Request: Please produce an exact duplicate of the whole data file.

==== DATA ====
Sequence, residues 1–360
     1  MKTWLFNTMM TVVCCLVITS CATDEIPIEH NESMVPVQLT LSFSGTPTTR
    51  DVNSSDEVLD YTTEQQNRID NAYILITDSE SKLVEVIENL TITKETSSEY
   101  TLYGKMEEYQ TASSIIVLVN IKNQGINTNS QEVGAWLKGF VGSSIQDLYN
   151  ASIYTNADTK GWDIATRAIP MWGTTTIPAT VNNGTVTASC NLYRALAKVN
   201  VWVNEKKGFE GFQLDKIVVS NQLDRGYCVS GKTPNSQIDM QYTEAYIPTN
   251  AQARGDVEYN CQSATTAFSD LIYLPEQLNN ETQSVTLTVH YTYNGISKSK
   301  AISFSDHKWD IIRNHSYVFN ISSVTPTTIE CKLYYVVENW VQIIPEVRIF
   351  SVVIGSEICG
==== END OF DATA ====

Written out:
Sequence, residues 1–360
     1  MKTWLFNTMM TVVCCLVITS CATDEIPIEH NESMVPVQLT LSFSGTPTTR
    51  DVNSSDEVLD YTTEQQNRID NAYILITDSE SKLVEVIENL TITKETSSEY
   101  TLYGKMEEYQ TASSIIVLVN IKNQGINTNS QEVGAWLKGF VGSSIQDLYN
   151  ASIYTNADTK GWDIATRAIP MWGTTTIPAT VNNGTVTASC NLYRALAKVN
   201  VWVNEKKGFE GFQLDKIVVS NQLDRGYCVS GKTPNSQIDM QYTEAYIPTN
   251  AQARGDVEYN CQSATTAFSD LIYLPEQLNN ETQSVTLTVH YTYNGISKSK
   301  AISFSDHKWD IIRNHSYVFN ISSVTPTTIE CKLYYVVENW VQIIPEVRIF
   351  SVVIGSEICG